On December 26, 2017, the U.S. Department of Justice published a notice for web accessibility. The notice, like many governmental documents, was confusing.
The notice withdrew an “Advance Notice of Proposed Rulemaking,” which had announced a new set of upcoming regulations for accessibility of web information under the Americans with Disabilities Act. Many observers assumed (i) the Advance Notice meant that the DoJ was going to issue regulations that forced websites to be accessible to users with disabilities, and (ii) having withdrawn the Advance Notice, the DoJ did not, ultimately, require accessible websites.
Both of these assumptions are wrong.
The Americans with Disabilities Act already required websites to be accessible to disabled users. This has been well established in U.S. courts — most recently in a decision by the Ninth Circuit Court of Appeals against Domino’s Pizza.
Moreover, the DoJ issued a clear statement, via a letter from the assistant U.S. attorney general, on September 25, 2018:
The Department first articulated its interpretation that the ADA applies to public accommodations’ websites over 20 years ago. This interpretation is consistent with the ADA’s title III requirement that the goods, services, privileges, or activities provided by places of public accommodation be equally accessible to people with disabilities.
In other words, the courts and the DoJ made clear their positions: an accessible website is required under the ADA.
Where does this leave commercial websites?
Obligations for Web Accessibility
The lack of regulations governing web accessibility for commercial websites means there are no rules. You do not need to follow the guidelines established for federal websites, nor do you need to follow the international standards for accessibility published by the World Wide Web Consortium.
But the Sept. 25 letter contains broad guidance on compliance with the ADA:
Absent the adoption of specific technical requirements for websites through rulemaking, public accommodations have flexibility in how to comply with the ADA’s general requirements of nondiscrimination and effective communication. Accordingly, noncompliance with a voluntary technical standard for website accessibility does not necessarily indicate noncompliance with the ADA.
Thus, the DoJ grants flexibility in determining how to comply with the ADA’s requirements.
You have no obligation to follow web accessibility guidelines. But you do have an obligation to provide an accessible website. Almost any accessibility consultant will acknowledge that guidelines on website accessibility are flawed; there is no perfect description of web accessibility. However, few would argue that the guidelines are too strict. Usually, the flaws with guidelines are failures to address important issues.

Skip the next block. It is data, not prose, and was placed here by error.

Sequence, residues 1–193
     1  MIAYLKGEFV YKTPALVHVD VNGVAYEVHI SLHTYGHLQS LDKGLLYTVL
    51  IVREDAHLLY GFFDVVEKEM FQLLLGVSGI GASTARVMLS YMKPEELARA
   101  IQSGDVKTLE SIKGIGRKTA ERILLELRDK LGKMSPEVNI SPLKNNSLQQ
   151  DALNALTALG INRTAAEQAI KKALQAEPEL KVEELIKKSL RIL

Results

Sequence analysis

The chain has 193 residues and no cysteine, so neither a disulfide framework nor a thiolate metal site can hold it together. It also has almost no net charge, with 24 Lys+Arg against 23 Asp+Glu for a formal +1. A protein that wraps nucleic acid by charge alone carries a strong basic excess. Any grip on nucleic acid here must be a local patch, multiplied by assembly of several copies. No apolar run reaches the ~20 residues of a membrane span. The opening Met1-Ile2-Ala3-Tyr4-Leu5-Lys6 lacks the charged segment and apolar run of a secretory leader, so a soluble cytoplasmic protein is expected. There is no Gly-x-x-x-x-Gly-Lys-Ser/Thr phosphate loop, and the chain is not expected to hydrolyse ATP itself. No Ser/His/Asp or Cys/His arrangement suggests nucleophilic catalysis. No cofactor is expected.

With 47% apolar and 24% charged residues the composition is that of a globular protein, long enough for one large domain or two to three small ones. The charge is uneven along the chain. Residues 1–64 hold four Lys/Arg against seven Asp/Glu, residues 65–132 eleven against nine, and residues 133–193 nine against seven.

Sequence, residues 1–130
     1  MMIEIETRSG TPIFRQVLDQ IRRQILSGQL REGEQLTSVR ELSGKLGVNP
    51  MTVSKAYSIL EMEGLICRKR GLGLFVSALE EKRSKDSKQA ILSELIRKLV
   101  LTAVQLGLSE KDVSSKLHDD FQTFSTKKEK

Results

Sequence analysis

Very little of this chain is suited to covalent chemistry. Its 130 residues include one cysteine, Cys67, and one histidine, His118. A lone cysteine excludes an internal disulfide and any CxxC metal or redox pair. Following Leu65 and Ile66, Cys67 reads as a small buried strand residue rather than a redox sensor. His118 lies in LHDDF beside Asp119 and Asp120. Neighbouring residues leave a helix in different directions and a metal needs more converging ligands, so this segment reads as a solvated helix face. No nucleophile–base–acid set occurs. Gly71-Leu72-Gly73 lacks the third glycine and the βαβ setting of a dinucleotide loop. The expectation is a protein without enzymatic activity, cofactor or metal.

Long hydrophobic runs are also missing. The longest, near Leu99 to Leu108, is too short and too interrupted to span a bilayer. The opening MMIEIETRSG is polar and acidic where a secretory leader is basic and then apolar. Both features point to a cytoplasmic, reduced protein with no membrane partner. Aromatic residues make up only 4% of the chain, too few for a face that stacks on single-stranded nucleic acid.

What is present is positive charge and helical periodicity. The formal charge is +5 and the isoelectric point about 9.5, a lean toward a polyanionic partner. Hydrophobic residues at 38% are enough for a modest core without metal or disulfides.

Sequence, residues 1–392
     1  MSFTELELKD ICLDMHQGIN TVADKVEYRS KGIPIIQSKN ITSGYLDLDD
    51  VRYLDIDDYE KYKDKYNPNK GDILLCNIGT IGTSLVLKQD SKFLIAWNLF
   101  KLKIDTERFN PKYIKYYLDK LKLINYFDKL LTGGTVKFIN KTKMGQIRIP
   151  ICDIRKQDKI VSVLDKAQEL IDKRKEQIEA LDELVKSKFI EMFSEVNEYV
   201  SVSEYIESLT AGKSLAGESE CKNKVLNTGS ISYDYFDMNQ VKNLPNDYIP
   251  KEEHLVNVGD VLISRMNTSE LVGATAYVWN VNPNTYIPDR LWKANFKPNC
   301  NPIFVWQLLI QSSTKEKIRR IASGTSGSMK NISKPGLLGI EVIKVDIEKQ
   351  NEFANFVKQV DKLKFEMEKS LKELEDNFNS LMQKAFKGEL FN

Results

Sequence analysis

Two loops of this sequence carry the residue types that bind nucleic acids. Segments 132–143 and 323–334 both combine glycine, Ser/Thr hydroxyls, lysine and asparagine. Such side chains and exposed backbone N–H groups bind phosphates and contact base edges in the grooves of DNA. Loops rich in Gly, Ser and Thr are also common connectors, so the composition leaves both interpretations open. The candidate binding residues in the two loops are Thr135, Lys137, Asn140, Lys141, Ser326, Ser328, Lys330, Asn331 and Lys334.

The lack of specificity means that the determination of an accessible website is not through compliance with a set of rules or regulations. Instead, the accessibility of individual sites is being arbitrated in the courts.
Web Accessibility in the Courts
All of this has produced a great number of web accessibility lawsuits. According to Seyfarth Shaw, an international law firm, the number of ADA Title III lawsuits (Title III is the section that prohibits discrimination on the basis of disability) has increased from 4,789 in 2015 to 10,163 in 2018. The firm attributes much of this increase to website accessibility. In 2018, there were nearly 2,000 web accessibility lawsuits filed. Before 2015, there were virtually none.
I used to tell my clients that there was little chance they would be sued for an inaccessible site. But that is no longer the case — an inaccessible site is now a financial risk. (I am not an attorney, however.)
Even though the DoJ has not established guidelines for accessible websites, businesses (including ecommerce sites) are well advised to follow W3C’s Web Content Accessibility Guidelines, version 2.1, at level AA. There are several reasons.
First, multiple countries, include the U.S., follow those W3C guidelines for their own websites. This will protect you at some level internationally, and will certainly not hurt within the U.S. (The U.S. government is using WCAG 2.0 and not WCAG 2.1, the July 2018 revision. However, 2.1 offers considerable benefits with only a handful of new requirements.)
Second, you need to start somewhere. While you aren’t required to follow specific guidelines, there’s no benefit to inventing your own techniques. Certainly there is room for interpretation when it comes to accessibility. But, still, following existing standards is considerably easier and safer than creating your own.
Third, the federal government will almost certainly set regulations for web accessibility. It’s unlikely they will deviate significantly from international standards.